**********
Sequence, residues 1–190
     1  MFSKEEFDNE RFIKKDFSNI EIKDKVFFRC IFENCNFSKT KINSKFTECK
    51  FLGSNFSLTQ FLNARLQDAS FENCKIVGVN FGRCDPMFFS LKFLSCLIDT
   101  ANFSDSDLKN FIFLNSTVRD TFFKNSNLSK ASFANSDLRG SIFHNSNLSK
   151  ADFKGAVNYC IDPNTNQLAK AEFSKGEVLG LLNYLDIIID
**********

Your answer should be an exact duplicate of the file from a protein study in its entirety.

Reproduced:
Sequence, residues 1–190
     1  MFSKEEFDNE RFIKKDFSNI EIKDKVFFRC IFENCNFSKT KINSKFTECK
    51  FLGSNFSLTQ FLNARLQDAS FENCKIVGVN FGRCDPMFFS LKFLSCLIDT
   101  ANFSDSDLKN FIFLNSTVRD TFFKNSNLSK ASFANSDLRG SIFHNSNLSK
   151  ADFKGAVNYC IDPNTNQLAK AEFSKGEVLG LLNYLDIIID